If you release the trigger at this point, the drive mode will return to neutral. If you kept the thumb depressed, the drive mode would automatically engage Reverse, reversing the JetSki until released. The dance between the thumb and trigger finger may take a little bit to acclimate to, but it’s nowhere as complicated as may sound here.

After spending a day on the 160LX it was all too evident that the transition between forward and reverse was agonizingly slow. Whether inching up to a dock or having to slam on the brakes, the KSRD just lagged – and surprisingly so, considering that such a delay isn’t found on the supercharged model. This is not a mechanical issue but one of tuning and can be easily remedied by a skilled engine tuner with a laptop whether by the factory or aftermarket.

Given that the 160LX doesn’t tout the Eaton TVS supercharger, intercooler and catch can, it tips the scales at 987.8 lbs., some 101.5 pounds less than its supercharged sibling. While that certainly won’t classify the Ultra as a “featherweight” in its class, it’s still riding on Kawasaki’s industry-leading, rough water and open ocean championship-winning hull.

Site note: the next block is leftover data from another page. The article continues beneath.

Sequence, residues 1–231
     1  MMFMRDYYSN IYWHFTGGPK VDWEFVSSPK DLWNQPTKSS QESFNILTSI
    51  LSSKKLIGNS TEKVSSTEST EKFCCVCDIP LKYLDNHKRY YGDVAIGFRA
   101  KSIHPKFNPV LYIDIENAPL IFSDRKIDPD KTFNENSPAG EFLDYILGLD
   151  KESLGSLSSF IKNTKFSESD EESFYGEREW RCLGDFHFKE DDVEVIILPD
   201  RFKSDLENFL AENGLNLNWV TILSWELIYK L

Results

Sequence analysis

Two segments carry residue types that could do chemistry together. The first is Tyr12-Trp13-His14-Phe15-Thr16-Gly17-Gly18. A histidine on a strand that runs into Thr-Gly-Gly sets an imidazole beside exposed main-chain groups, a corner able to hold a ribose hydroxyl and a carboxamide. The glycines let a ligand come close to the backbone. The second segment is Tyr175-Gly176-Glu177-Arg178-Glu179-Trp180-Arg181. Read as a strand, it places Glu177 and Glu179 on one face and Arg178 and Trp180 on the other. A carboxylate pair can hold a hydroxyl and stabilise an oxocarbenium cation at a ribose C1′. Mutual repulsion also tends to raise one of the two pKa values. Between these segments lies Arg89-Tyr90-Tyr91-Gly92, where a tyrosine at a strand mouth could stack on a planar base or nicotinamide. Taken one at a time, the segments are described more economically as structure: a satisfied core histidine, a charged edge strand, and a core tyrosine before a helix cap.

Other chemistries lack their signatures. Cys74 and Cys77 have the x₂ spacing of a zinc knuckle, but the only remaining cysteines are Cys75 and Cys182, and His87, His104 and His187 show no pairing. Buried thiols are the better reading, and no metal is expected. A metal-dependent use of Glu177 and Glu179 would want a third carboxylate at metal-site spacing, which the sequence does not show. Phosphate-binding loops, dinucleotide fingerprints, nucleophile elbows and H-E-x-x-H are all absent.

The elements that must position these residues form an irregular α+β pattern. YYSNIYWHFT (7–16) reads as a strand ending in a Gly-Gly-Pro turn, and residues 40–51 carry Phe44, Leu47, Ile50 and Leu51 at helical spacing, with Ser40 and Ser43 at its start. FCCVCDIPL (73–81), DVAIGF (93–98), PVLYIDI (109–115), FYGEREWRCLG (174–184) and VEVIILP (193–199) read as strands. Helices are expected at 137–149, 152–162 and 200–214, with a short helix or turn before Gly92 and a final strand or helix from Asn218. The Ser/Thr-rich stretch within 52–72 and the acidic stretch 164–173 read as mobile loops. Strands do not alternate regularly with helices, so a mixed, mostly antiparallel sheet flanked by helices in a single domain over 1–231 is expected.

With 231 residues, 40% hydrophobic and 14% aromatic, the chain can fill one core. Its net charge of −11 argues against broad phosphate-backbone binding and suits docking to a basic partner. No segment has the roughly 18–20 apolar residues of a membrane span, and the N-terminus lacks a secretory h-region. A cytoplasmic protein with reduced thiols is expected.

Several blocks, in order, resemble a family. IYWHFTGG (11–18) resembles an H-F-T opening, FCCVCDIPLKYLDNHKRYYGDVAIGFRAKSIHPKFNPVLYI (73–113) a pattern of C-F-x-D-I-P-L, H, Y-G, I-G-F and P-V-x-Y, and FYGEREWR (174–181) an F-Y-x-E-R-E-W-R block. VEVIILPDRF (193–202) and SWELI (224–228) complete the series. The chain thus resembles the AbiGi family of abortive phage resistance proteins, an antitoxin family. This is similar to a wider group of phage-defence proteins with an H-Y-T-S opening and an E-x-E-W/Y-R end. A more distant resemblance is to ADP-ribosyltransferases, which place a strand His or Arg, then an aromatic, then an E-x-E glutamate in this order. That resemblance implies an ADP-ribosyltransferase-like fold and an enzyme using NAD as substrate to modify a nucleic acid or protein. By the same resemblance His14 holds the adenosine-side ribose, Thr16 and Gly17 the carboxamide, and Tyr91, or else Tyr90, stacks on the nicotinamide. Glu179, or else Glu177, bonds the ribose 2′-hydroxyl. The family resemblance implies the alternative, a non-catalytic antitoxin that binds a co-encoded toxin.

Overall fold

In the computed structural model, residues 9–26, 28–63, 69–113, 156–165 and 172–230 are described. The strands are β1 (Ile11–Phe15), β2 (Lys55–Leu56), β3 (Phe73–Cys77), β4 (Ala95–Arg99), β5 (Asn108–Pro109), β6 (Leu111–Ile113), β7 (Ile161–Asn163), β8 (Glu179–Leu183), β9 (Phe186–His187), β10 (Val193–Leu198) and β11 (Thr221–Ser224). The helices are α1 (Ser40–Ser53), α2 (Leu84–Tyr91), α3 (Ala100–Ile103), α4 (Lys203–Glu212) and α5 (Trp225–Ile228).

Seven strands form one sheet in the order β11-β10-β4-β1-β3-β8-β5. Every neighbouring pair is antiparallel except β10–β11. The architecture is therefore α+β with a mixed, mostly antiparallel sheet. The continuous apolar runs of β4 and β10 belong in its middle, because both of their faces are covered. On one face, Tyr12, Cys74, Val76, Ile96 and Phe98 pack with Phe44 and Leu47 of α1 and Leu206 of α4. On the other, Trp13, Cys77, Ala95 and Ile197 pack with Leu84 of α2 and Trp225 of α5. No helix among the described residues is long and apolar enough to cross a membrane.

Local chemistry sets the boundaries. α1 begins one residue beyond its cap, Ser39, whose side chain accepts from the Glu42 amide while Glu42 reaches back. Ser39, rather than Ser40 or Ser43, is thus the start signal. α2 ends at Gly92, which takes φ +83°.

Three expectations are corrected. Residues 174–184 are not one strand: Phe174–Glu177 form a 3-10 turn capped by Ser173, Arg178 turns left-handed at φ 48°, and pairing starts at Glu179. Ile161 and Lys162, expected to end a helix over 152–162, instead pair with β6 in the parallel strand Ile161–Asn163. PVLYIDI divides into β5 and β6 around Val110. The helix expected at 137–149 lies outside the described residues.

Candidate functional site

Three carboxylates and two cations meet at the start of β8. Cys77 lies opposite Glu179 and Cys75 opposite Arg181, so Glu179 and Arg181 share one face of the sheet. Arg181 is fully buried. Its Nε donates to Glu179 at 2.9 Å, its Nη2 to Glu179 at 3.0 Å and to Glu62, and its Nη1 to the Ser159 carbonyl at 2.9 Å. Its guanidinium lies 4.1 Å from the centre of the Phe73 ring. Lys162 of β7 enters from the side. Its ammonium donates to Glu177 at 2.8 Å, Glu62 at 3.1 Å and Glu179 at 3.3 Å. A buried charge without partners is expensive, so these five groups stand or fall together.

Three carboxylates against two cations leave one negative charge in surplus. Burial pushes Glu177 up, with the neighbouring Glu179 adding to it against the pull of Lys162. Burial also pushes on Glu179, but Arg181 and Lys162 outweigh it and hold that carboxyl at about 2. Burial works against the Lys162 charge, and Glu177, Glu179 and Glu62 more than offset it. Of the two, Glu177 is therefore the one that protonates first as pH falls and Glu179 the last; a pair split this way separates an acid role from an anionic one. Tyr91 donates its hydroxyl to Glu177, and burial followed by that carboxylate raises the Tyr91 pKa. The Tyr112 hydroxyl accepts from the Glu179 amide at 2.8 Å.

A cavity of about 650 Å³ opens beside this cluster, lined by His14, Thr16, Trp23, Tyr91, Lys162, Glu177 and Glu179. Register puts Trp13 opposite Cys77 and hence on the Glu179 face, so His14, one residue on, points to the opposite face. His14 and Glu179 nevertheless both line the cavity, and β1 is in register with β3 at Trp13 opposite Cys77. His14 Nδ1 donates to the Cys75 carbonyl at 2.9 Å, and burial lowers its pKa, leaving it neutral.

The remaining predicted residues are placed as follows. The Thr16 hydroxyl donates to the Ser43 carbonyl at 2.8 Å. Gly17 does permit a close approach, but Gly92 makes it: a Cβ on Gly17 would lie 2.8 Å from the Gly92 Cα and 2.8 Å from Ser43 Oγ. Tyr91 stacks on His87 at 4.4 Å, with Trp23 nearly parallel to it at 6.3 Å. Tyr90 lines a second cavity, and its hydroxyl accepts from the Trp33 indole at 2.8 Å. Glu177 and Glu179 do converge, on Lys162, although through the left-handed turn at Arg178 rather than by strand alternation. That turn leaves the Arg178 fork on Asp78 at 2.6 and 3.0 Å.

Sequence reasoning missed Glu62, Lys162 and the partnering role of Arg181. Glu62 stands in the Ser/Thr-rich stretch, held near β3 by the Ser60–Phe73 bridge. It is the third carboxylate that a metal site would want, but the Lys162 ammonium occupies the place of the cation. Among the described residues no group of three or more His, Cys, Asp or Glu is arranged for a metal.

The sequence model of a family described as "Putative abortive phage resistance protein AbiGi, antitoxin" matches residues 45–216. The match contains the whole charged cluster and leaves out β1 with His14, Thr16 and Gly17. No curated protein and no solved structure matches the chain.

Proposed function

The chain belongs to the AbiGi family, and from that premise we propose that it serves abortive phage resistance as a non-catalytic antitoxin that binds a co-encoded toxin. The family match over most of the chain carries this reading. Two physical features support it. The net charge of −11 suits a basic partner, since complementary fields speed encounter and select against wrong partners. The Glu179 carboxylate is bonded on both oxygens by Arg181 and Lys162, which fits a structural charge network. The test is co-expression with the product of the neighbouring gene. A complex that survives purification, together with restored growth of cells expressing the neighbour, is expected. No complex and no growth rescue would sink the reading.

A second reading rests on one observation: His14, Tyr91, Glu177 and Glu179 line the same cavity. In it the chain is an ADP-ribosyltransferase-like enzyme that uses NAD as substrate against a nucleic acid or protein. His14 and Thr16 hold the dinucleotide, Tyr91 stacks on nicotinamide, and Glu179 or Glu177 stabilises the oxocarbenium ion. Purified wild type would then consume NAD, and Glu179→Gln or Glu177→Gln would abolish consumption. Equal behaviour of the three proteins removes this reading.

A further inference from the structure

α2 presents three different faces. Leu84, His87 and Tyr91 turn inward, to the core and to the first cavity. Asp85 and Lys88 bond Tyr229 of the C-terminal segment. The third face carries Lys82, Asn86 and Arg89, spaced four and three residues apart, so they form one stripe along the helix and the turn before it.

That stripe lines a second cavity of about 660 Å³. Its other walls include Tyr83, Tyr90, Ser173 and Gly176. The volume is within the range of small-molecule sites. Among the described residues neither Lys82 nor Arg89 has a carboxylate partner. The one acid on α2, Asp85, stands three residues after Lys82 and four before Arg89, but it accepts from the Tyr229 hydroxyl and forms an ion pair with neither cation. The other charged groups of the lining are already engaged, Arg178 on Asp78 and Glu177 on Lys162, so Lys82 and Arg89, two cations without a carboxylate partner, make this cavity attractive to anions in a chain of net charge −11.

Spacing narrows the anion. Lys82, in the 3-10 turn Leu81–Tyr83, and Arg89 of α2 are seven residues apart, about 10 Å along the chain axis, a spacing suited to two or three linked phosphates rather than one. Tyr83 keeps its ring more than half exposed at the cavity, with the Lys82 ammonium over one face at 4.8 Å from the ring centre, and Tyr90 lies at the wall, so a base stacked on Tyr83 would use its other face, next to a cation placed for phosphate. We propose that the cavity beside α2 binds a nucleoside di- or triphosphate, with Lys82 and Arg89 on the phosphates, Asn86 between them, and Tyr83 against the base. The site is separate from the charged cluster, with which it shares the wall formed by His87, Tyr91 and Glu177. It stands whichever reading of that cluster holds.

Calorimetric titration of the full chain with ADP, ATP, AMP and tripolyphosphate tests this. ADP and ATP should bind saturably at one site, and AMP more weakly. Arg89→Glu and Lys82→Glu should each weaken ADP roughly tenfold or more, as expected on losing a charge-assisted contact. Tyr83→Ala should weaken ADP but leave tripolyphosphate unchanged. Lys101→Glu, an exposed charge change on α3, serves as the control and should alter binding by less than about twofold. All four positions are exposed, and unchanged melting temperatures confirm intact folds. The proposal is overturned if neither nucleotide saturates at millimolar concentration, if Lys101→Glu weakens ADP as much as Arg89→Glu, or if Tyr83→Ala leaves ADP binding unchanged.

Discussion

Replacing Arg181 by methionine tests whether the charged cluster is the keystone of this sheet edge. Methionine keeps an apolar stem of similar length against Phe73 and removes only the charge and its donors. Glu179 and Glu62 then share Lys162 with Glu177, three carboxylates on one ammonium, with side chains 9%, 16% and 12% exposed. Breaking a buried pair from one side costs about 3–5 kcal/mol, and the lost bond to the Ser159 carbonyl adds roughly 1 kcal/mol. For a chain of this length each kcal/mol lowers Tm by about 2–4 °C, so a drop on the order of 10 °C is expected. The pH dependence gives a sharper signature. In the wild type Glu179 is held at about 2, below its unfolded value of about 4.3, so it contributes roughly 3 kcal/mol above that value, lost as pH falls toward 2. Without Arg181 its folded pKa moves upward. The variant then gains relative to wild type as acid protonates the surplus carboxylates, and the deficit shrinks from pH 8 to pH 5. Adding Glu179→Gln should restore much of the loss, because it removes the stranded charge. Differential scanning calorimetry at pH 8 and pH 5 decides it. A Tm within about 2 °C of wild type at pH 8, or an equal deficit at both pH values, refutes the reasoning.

For those familiar with The Watercraft Journal and my exhaustively long rants, you’ll know I’m already a fan of the Ultra’s hull. In my experience, I’ve found it to be the single best at sluicing through chop, absorbing chatter, jolts and vibrations. I credit this to the true Deep-V hull being molded in durable gel-coated SMC fiberglass – just like how everyone else used to make their skis.